First, let’s shoot the Elf!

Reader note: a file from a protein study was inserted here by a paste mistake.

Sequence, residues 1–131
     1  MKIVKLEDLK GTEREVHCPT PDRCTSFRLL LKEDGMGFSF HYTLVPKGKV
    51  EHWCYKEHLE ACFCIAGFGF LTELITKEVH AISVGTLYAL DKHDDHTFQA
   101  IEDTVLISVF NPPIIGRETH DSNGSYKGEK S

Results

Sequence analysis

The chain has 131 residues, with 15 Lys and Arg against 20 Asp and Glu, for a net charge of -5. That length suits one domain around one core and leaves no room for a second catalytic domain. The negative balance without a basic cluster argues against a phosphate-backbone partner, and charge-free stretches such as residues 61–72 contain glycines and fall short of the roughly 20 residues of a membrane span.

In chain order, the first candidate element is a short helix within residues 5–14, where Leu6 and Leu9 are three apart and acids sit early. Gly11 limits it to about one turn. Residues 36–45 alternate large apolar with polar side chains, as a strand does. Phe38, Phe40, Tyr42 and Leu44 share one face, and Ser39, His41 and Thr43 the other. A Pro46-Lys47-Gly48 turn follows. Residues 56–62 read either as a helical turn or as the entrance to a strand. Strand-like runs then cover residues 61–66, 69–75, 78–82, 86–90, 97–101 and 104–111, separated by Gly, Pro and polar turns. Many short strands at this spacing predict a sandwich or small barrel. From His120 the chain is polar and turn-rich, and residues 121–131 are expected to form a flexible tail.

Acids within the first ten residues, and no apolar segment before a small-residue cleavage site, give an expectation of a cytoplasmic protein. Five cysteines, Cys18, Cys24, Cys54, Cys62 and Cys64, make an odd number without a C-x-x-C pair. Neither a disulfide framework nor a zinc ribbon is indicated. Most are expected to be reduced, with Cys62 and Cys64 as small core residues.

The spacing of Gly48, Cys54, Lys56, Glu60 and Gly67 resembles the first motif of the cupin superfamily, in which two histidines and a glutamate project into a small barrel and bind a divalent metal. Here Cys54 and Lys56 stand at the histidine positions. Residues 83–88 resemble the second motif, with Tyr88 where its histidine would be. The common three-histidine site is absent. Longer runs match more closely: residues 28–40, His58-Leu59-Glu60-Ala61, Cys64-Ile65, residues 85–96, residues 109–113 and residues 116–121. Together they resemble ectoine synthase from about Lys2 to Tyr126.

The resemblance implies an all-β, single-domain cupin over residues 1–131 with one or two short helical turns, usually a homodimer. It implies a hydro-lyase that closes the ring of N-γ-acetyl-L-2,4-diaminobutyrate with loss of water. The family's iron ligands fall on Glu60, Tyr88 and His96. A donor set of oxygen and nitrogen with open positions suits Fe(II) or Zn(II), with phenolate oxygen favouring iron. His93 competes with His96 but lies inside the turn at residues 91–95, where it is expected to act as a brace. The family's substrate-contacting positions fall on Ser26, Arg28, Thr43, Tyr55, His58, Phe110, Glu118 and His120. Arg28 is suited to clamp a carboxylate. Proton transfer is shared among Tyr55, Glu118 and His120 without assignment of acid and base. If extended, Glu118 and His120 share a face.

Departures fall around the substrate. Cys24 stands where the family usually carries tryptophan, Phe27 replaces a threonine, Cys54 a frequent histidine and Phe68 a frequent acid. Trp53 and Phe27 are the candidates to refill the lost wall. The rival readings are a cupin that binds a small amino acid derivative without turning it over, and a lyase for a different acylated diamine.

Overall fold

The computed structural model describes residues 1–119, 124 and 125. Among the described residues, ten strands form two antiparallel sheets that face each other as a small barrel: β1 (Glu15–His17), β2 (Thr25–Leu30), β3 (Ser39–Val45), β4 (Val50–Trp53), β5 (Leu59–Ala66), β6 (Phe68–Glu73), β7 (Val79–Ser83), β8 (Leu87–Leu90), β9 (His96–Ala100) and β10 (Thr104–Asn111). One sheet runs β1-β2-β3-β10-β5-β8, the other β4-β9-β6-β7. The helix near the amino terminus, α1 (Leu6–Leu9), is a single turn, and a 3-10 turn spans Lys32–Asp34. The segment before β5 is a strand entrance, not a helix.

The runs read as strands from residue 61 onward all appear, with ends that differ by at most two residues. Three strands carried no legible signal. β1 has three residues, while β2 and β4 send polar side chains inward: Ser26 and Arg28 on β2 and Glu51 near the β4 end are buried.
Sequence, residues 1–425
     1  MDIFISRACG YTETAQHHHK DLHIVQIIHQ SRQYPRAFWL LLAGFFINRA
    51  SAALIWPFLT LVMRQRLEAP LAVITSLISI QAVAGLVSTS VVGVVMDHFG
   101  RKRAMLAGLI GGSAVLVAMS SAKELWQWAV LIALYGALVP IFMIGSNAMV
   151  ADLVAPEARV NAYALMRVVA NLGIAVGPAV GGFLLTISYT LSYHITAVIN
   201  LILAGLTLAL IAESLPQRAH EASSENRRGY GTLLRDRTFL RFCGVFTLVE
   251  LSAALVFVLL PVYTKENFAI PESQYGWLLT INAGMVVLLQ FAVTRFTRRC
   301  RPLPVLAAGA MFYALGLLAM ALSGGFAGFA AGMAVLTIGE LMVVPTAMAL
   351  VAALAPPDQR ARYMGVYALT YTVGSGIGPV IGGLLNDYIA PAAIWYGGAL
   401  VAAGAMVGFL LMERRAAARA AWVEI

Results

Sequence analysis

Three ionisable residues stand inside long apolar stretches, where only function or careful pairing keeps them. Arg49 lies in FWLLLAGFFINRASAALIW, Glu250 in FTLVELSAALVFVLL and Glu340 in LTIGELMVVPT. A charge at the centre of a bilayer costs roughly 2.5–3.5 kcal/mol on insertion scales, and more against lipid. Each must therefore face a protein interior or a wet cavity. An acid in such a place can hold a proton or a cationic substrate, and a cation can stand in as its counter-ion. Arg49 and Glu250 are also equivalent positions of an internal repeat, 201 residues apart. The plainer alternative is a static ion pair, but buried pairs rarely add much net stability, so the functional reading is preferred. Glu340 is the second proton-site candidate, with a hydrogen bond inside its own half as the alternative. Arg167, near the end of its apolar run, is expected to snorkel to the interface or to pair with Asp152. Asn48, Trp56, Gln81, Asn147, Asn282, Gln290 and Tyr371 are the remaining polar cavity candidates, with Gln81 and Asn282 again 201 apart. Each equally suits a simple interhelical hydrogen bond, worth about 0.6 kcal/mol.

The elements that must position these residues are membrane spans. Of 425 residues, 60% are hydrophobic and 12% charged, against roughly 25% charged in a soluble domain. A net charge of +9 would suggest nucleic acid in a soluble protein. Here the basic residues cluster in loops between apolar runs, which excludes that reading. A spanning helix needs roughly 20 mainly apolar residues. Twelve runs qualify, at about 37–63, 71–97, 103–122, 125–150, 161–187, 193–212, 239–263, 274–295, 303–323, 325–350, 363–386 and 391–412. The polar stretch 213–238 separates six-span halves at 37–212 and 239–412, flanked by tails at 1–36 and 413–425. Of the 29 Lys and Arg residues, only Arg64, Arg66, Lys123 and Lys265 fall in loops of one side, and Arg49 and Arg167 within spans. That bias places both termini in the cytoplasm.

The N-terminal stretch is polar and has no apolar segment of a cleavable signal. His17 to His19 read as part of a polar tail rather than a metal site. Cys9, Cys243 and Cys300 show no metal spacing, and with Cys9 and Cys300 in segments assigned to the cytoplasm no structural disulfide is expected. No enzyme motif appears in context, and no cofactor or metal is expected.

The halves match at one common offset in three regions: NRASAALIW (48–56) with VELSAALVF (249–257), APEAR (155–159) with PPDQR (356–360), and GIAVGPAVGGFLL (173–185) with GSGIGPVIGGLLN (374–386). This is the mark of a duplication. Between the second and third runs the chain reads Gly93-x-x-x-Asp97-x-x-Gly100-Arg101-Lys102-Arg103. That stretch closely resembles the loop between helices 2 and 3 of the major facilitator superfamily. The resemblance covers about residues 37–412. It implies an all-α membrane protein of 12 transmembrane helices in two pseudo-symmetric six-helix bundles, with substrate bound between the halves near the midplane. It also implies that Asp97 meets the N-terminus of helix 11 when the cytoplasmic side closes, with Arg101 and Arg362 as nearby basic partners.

Published: 14 October, 2010Standfirst: The Health and Safety industry has become the target of vilification and derision. Its salvation is in helping small firms understand that health and safety is not just about compliance, but business success and a moral imperative, argues Karen Baxter*. It happens at every networking event, when I answer the dreaded ‘So what do you do?’ question. “Oh ho, ‘Elf and Safety’”, they chortle (as if I haven’t heard that one before), “the people who stop kids playing conkers”. Well no, we don’t actually. Generally speaking, it’s the insurers who stop people doing things by putting in hundreds of unnecessary clauses which might, at some time in the future, avoid them paying a claim, together with the under-trained, confused and unconfident managers who have to go along with it. No joke More importantly, why are we making a joke at all? If a plane crashed and killed 180 people, we wouldn’t be having a good laugh and calling it ‘Sky Pixie Syndrome’. Yet that’s the number of people who die every year in accidents at work, not counting the 246,000 that get injured, or the estimated 1,700 who die while driving on business. The Health and Safety industry has become the acceptable butt of everyone’s humour, partly because the media just loves a story about old people being refused doormats in case they trip over them. It’s also because we have allowed people to believe that Health and Safety is about speaking in impenetrable acronyms, filling in reams of paperwork and adopting a ‘belt and braces’ approach to everything, in place of good old common sense. Currently there are around 4.7 million small and medium-sized enterprises (SMEs) employing nearly half the workforce. They are present in all industry sectors, including those associated with the highest risks of injuries and ill-health. I would argue that the Health & Safety sector is still struggling to get to grips with what this huge number of employers needs from us. When you have to be worrying about whether you are going to be able to pay your employees this month, or take a salary yourself; when it’s 2am and you’re just getting around to doing your accounts, then worrying about your Health and Safety procedures is not top of your list – and we have to understand that. Acronym hell Even the small business managers who make the effort soon find themselves mired in acronym hell. I read an article recently that contained 32 different acronyms, and not just the ones we’re mostly familiar with like H&S and DWP, but really clever ones like CHaSPI (Corporate Health and Safety Performance Indicator), SBTAF (Small Business Trade Association Forum), and LACORS (Local Authorities Co-ordinators of Regulatory Services). HSE research shows that most small and medium-sized businesses do want to comply with health and safety. It also shows that most believe they are complying although realistically, research asking someone to incriminate themselves, even anonymously, is likely to be flawed. The HSE itself faces the problem of being both poacher and gamekeeper; there is a genuine fear among small business owners of asking the HSE anything, in case it results in an inspector knocking on the door. We in the industry know that isn’t the case but the hard-pressed entrepreneur doesn’t. That’s not to say that small businesses want to flout the laws. It’s disparaging to say that because a business is small, it wants to get away with as much as it can. The issue is that the laws are the same whether you employ two people or two hundred so there is a disproportionate burden on small companies. Within the H&S sector, there has developed a tendency to use these laws as a big stick. Consultancies looking to make a fast buck have resorted to scare tactics, supported by an ever-helpful media. For small firms, therefore, health and safety has become a ‘must do’ compliance issue rather than a culture that can genuinely deliver business success. Three drivers For small business people there are three drivers to adopting better H&S practices: compliance, business cost, and moral cost. Far too much is made of the first and not enough of the second and third. Every death or serious injury at work leaves a trail of tragedy in its wake. No one who has been involved in causing harm to someone at work ever wants to go through it again. There is a moral imperative to try to get this right. It also makes sense from a business standpoint. The benefits of an effective H&S culture are well documented: accidents avoided, fewer working days lost, improved recruitment and staff retention, improved customer confidence, reduced insurance premiums, and the ability to tender for large corporate and government contracts. As if that wasn’t enough, working in a healthy and safety-conscious environment can have a hugely positive impact on staff morale, attendance and productivity. Common sense tells us this is true but when it comes to dealing with the law, then a certain level of competence and confidence is also needed. A manager who has been given the responsibility without support and advice will inevitably take a ‘belt and braces’ decision and that’s where Health and Safety falls into disrepute. But there is a different way. Take driving as an example. Most of us do it and we don’t need to keep looking at the manual. We know that to drive correctly we need to put our minds to it and stay in the moment. It’s about practical, simple actions, not process. But we can only do it well if we were taught in the first place and understand the need to comply with the rules of the road. Excuses Finally, the Health and Safety industry has to stop making excuses. It is vital to everyone who goes to work – employer or employee. In what other sector (apart perhaps from medicine) would you have the potential to save 180 lives a year and protect 246,000 people from injury? We have to learn to communicate, especially to small companies, what our business is about and that by making health and safety an enterprise-wide culture, small firms can reap enormous benefits. Together, we need to shoot the Elf and return ourselves to Health.